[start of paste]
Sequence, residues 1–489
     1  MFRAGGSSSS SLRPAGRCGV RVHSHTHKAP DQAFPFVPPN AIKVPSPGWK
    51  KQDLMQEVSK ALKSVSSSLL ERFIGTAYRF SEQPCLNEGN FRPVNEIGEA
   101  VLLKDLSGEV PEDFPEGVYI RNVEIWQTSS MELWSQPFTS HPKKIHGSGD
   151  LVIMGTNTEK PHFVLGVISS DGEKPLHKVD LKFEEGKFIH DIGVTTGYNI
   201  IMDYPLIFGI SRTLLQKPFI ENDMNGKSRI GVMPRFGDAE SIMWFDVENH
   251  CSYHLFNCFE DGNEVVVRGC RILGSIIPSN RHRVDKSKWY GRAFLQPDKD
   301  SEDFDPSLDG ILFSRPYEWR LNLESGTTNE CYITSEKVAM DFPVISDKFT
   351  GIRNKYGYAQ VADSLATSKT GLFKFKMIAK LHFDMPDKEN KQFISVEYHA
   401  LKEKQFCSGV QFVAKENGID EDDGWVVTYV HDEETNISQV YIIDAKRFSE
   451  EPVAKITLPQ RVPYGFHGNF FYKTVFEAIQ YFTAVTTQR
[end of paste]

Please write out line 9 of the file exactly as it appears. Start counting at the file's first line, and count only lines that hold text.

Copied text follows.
   351  GIRNKYGYAQ VADSLATSKT GLFKFKMIAK LHFDMPDKEN KQFISVEYHA